Modu, Birmingham

I’m going to do the crass thing here and bring up money straight from the off.  Its not something I would usually do, though this is exceptional in circumstance.  Fifteen English pounds.  It doesn’t buy you much. A nice pair of socks, a day riding London’s underground, or maybe the cat food for the week.  Three pints of beer or a decent bottle of wine.  In terms of food, some edible cardboard from Dominoes about covers the potential extent for misery for the amount.  In our bent at the knees and hunched over modern society, fifteen quid is simply not enough money to eat well.  Unless you happen to be at Modu, tucking into a four course Korean meal of crotch grabbing, up on the toes with one arm aloft brilliance.


To experience the food here you first have to find the place.  Good luck with that.  Aim for the bit of Hurst Street where the flamboyance ends and turn on Google maps – that’s as much as you are getting from me.  Once in, take place in the small dining room by the courtyard with its white washed bricks and let them deal with the magic.  First up are dumplings; a flat seafood one for my chum and two pert vegetable gyoza type things for me.  We wolf down both quickly without any real comment other than just how tasty they are.


Witchcraft was at play for our next course, either than or an expertise in fermentation and a gentle hand at cooking.  Sweet potato transformed into translucent noodles, woven with peppers and strips of beef and topped with sesame seeds.  For this dish we are given a side bowl of kimchi and told to mix it in.  We do as we are told.  She is right; the kimchi brings everything to life, the fermented cabbage adding a crunch and some fire to the polite noodle dish.  It is both elegant and macho; self-assured and authentic. It is at this point, two courses in, that we know we are in safe hands.


Chicken wings next.  Not just any chicken wings, but the greatest wings in all of Chickdom.  Wings so good that Paul McCartney named a band after them.  You may have guessed that we liked the wings.  Six jointed and rolled bad boys of the poultry world, coated in soy and honey and sixteen other ingredients (I know this.  We asked.), before being cooked to a crisp exterior.  These are the best chicken wings in Birmingham.  My dining companion, Jim, commenting that should sell them by the bag load.  And Jim is right, they really should.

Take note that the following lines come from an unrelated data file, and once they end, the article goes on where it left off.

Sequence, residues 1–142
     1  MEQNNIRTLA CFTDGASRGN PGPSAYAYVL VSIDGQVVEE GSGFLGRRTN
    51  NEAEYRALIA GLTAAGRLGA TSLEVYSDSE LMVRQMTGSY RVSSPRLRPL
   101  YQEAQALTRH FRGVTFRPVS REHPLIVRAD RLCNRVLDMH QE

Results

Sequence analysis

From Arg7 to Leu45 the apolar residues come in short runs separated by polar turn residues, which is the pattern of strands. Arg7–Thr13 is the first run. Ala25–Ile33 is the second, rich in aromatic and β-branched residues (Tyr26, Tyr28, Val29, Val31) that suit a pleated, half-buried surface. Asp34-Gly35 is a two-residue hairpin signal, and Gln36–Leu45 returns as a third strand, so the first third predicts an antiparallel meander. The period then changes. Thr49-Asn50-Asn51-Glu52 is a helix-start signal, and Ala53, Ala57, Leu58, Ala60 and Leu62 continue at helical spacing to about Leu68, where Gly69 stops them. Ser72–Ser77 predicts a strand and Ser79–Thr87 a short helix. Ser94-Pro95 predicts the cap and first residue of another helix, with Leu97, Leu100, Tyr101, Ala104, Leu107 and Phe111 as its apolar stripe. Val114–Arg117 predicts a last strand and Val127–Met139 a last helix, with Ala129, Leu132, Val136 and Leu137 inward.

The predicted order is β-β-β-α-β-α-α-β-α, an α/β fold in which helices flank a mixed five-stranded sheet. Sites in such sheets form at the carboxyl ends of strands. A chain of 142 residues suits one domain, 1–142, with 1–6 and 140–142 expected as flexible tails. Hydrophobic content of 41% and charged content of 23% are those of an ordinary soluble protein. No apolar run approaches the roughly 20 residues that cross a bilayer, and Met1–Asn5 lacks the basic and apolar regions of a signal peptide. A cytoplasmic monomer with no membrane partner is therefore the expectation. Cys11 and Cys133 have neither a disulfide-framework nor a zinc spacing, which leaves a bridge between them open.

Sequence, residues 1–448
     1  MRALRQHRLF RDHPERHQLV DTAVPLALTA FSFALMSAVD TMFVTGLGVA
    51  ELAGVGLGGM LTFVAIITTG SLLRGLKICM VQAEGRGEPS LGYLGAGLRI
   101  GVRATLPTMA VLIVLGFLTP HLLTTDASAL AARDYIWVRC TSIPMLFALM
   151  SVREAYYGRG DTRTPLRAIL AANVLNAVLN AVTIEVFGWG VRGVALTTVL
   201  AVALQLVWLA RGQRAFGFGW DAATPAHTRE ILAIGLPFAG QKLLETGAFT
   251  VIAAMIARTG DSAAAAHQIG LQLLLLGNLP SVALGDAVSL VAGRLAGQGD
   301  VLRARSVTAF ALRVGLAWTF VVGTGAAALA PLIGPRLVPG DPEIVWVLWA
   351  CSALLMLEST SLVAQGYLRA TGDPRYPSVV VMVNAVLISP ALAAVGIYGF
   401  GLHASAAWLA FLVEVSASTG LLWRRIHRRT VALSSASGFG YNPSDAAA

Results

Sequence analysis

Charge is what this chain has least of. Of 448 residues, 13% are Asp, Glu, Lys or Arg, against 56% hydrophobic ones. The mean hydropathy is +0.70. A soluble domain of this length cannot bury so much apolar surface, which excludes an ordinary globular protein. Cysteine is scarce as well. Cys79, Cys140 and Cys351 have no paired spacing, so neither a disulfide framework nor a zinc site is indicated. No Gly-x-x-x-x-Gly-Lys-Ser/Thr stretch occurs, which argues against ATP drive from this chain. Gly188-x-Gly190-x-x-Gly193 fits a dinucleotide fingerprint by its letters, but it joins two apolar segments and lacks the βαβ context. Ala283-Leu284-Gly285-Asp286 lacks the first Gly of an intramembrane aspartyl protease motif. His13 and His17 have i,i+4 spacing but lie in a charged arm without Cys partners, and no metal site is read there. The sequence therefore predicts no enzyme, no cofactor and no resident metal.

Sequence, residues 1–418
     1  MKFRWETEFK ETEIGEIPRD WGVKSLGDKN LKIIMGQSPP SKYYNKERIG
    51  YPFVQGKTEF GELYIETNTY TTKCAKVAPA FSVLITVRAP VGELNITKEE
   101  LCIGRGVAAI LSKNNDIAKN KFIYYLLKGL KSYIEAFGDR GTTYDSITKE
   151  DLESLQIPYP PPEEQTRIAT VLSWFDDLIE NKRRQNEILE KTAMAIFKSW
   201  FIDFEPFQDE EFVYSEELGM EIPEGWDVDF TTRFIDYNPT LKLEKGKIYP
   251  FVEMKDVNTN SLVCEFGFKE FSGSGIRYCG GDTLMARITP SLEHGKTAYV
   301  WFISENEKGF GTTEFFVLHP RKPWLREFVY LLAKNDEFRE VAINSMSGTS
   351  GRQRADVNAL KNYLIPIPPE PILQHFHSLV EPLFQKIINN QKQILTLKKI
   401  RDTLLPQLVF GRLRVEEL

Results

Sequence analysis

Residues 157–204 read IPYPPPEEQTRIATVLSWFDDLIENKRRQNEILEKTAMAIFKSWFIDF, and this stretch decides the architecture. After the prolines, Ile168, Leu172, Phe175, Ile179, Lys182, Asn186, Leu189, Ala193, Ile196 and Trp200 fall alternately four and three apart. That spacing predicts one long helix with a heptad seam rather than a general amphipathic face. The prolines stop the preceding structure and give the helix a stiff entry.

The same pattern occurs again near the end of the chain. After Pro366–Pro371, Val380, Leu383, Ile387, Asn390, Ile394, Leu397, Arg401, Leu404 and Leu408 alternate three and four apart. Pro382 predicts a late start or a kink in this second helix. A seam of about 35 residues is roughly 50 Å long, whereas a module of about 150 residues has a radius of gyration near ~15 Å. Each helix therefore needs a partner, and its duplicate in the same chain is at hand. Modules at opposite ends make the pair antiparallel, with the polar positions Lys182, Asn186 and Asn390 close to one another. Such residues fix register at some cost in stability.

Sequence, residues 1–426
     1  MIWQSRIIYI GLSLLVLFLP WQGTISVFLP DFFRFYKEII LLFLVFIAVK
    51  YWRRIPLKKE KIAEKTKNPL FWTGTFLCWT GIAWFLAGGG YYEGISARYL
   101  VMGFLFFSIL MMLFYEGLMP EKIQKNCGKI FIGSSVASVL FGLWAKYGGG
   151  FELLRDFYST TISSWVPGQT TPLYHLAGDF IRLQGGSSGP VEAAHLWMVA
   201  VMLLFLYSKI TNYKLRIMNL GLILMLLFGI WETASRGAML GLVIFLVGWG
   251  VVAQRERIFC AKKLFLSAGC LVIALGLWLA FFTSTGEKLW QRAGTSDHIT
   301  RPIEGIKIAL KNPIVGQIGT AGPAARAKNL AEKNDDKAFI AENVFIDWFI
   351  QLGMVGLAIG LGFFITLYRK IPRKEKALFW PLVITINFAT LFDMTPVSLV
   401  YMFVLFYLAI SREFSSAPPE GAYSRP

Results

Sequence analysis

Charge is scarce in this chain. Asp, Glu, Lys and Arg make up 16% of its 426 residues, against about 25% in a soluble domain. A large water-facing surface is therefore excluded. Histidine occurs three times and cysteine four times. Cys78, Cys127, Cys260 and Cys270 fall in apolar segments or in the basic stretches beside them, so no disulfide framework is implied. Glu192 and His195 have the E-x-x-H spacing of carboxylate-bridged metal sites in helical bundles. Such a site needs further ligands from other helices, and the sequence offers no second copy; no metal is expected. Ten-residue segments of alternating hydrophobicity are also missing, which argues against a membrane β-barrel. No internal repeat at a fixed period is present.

We finish off the four course bonanza with a stir fry type thing which was two parts hot and one part delicious.   It was all there; the meat and veg correctly cooked, little side bowls of more fermented stuff to add in to it, but it never quite hits the heights of before.  There is only so much joy you can take from a stir fry and rice, after all.  The chef comes out and presents some homemade chilli sauce that she really should bottle up and sell with the chicken wings.



The owner talks to us of a love for traditional Korean food and a want to feed people well.  If that’s her intention then she has pretty much nailed it on the head.  It was an often enthralling lunch where a steady hand in the kitchen was matched with fermentation and curing that when combined creates something truly special.  Nothing feels faux, everything is there for a reason.  And the bill, twenty quid with a bottle of Korean beer is extraordinary value.  Modu is special kind of place, destined to be a cult hero in Birmingham.


Toppoki, Birmingham

Toppoki is a Korean restaurant in Chinatown. It is a simple space of neutral colours, wall murals, and plenty of natural light.  There are hot plates built into the tables and a view into an open kitchen, which from our end, showed an alarming usage of a microwave.  I know nothing of Korean food so the menu is a beguiling mix of excitement and fear to a control freak like myself.  There are dupbap and bibimbap, whatever they may be, amongst more familiar kimchi and curries.


The reality is that its nothing out of the norm.  Maybe here is not the greatest example of Korean food, but everything has a familiar feel, not to far removed from the cuisine of Japan, or China.  The chicken cutlet curry, for example, was identical to a katsu curry at Wagamama, though I happen to prefer the version at the Japanese chain.  Here the meat was a little tough and the sauce more one-dimensional.  The side bowl of kimchi – that wonderful fermented cabbage full of crunch and heat – added the missing character.



Bibimbap transpires to be a stir fry of meat and vegetables, served with another mound of rice.  Its decent stuff with a real chilli kick.  Dupbap seemed remarkably similar, this time with a vegetable croquette that contained mozzarella.  Mozzarella in Korean food, whoever would have thought it.  Whatever the provenance of the original recipe, it would be the best thing we ate all day.  Gelatinous and with a real depth of flavour.


Take the four dishes at face value and you have somewhere that does fairly tasty food at a fair price point.  Except it doesn’t end there.  The food turns up whenever they feel like it, which, in our case, saw two mains almost twenty five minutes apart.  No apology or explanation, just take it as it is.  Now call me old fashioned, but I quite like to eat at the same time as the others on the table, and I’m not best pleased at the idea of my food going cold purely so I can do so.  Put simply, the food at Toppoki is not worth the wait.


Topokki Menu, Reviews, Photos, Location and Info - Zomato